Suyemoto Dies an Opportune Death Leaving Guidance
The White Dragon Goes South through the Clouds
The time was Muromachi Era, many a year before now, when Shogun in Kyoto and Shikken – Shogun’s Chief Steward – in Kamakura lost power, their minds turned bitter and brittle and the world entered the Hundred Years War.
Ambitious and independent, Sir Mochiuji of Kamakura forgot the code of honour out of the blue, ignored the counsel of Shikken Norizane and fell out with Yoshinori the Muromachi Shogun. Troops from the capital Kyoto rushed in to serve under Shikken Norizane’s command, fought and advanced into Hohkoku Temple in Kamakura, where they cornered the father and son to their own end. It was the tenth of February in Eikyo 2 (1430) of Emperor Go-Hanazono.
Thus Yoshinari, heir of Sir Mochiuji, together with his father, perished to be buried in Kamakura. Yet, his brothers Prince Haruwo and Prince Yasuwo narrowly escaped the encircling enemies and fled to Shimo-fusa (Lower Fusa), where Yuki Ujitomo welcomed them as his lords, as he did their father once. Ujitomo paid no heed to the orders of the capital (the Shogunate in Kyoto) or gave no second thoughts about the big armies of the two Kanrei of Kiyokata and Mochitomo, Shogun’s Second-in-Commands.
Hence, under the flag of Satomi Suyemoto, who for the sake of honour will only stop at death, gathered those who had been indebted to Sir Mochiuji and they all joined the two princes and Yuki Ujitomo. Thus they guarded Yuki Castle surrounded by big armies, but not once showed weakness. For the next three years under siege and no help to turn to, they had finally exhausted food and ammunition.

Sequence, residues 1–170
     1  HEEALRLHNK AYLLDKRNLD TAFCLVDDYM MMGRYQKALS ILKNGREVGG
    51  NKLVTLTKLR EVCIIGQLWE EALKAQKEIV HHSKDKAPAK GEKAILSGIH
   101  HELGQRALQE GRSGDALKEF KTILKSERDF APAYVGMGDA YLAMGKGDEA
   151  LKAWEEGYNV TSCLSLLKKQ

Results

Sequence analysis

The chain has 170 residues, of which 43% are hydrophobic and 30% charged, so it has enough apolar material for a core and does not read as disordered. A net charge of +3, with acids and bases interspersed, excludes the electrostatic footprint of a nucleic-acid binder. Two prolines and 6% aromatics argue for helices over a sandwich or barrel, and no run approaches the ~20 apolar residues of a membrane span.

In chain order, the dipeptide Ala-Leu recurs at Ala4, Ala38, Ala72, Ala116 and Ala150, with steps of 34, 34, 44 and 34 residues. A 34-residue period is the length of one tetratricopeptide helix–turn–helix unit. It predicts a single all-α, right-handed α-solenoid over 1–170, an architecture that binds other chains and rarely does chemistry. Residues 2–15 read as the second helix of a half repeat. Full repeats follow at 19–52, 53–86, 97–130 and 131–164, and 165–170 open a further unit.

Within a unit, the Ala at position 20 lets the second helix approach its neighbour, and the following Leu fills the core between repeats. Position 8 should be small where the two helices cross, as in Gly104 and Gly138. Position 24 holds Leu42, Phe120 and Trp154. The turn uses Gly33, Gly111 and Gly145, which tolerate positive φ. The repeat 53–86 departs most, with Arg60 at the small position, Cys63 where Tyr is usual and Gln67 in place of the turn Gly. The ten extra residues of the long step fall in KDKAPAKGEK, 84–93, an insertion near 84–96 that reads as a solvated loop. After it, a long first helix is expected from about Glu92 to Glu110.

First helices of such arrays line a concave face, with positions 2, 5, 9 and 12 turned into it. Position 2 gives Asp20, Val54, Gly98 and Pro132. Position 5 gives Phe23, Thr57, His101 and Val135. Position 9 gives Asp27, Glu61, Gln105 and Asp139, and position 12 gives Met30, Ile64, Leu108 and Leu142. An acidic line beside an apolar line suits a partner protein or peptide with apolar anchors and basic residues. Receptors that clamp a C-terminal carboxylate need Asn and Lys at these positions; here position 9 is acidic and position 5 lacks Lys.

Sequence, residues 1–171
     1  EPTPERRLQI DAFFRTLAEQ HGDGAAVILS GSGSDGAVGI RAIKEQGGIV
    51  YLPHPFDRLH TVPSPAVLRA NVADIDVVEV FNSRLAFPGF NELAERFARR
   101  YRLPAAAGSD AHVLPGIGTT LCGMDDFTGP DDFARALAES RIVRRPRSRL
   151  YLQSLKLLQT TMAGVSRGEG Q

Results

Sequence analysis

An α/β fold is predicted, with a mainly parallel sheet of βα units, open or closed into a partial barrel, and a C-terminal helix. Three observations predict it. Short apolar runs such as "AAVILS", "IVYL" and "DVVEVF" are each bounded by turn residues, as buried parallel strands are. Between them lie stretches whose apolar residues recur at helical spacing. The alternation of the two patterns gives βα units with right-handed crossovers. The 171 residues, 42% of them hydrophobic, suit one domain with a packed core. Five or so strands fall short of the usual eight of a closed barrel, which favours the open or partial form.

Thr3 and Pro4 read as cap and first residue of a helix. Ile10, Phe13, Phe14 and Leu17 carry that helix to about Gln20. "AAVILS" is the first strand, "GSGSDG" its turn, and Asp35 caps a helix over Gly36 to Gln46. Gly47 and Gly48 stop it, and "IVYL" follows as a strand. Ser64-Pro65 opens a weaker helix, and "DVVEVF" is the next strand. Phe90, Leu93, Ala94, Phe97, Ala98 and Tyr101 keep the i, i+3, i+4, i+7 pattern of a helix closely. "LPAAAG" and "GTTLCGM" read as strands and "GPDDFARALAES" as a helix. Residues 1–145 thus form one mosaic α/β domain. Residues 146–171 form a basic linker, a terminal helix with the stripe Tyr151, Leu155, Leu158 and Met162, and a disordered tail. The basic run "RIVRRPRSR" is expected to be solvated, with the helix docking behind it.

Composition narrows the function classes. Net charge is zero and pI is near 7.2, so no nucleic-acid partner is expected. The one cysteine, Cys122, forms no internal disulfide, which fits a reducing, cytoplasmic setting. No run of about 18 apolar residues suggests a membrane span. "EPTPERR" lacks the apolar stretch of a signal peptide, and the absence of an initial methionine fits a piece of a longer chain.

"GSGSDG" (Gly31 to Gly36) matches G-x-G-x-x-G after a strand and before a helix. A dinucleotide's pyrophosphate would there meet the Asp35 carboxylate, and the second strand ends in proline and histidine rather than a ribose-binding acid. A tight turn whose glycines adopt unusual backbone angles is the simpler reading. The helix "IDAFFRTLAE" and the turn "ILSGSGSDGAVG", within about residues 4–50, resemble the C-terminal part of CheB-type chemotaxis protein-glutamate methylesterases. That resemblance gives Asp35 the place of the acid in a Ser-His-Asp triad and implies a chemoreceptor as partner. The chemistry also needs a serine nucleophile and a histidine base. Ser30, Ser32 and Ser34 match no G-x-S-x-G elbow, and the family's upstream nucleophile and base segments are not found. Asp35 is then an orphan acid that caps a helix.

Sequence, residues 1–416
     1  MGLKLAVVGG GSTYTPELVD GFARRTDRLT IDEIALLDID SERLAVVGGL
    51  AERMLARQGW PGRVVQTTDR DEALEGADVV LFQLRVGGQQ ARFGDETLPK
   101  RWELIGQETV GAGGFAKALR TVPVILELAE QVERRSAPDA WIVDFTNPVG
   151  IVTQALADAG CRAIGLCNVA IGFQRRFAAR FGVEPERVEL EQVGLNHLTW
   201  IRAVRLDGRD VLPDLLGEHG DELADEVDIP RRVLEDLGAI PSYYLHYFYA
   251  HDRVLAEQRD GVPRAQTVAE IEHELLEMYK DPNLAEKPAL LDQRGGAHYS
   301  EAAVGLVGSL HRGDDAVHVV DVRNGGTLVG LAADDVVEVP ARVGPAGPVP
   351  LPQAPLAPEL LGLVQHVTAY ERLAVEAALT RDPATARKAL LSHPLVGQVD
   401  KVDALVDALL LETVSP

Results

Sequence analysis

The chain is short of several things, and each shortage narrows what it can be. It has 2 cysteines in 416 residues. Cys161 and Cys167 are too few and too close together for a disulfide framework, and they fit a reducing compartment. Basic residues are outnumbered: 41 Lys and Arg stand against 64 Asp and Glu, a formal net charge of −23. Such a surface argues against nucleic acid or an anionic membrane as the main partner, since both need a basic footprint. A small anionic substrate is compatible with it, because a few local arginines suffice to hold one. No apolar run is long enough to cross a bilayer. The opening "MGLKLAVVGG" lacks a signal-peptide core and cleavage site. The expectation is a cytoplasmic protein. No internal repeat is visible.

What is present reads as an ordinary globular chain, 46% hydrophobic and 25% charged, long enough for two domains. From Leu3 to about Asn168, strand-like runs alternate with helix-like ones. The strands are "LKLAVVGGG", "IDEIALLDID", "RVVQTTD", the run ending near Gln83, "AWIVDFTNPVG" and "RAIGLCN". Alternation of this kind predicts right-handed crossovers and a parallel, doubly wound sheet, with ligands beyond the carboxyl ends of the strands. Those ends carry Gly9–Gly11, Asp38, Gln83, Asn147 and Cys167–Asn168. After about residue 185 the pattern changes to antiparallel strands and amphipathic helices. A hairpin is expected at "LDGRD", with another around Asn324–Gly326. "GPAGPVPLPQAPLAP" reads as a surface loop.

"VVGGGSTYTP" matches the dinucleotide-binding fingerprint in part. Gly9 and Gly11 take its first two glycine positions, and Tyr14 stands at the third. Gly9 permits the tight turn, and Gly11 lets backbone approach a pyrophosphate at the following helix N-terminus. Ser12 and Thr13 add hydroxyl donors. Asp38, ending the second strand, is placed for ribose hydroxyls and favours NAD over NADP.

“Now there is no way to escape this. Let us all make our ends together.”
With this, the Yuki Clan and master and men of the Satomi pushed open the castle gate and fought to death, slashing the enemies that were streaming in, until all fell in battle, and so the castle was down at last and the two princes were captured alive to be executed in Tarui in the County of Mino. This was what they now call the Battle of Yuki.
At this time, Yoshizane, Suyemoto’s elder son and heir, known as Young Master and not yet twenty years of age, excelled his sires in swordsmanship and warfare and was also a gifted scholar. During these three years spent with his father, he had not once complained of the hardships the siege presented. On this day, as before, at the head of troops, having put fourteen or fifteen to the sword, he was advancing in search of a match worthy of his last fight, when his father, looking from a distance, urgently called to him. Continue reading